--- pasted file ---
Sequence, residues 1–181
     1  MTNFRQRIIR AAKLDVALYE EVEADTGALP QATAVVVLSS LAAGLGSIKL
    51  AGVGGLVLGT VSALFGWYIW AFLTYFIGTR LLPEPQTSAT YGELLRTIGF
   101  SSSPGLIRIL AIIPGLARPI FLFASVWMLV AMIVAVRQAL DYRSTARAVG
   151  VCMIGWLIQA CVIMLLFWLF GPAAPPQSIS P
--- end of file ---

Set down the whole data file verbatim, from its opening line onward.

Sequence, residues 1–181
     1  MTNFRQRIIR AAKLDVALYE EVEADTGALP QATAVVVLSS LAAGLGSIKL
    51  AGVGGLVLGT VSALFGWYIW AFLTYFIGTR LLPEPQTSAT YGELLRTIGF
   101  SSSPGLIRIL AIIPGLARPI FLFASVWMLV AMIVAVRQAL DYRSTARAVG
   151  VCMIGWLIQA CVIMLLFWLF GPAAPPQSIS P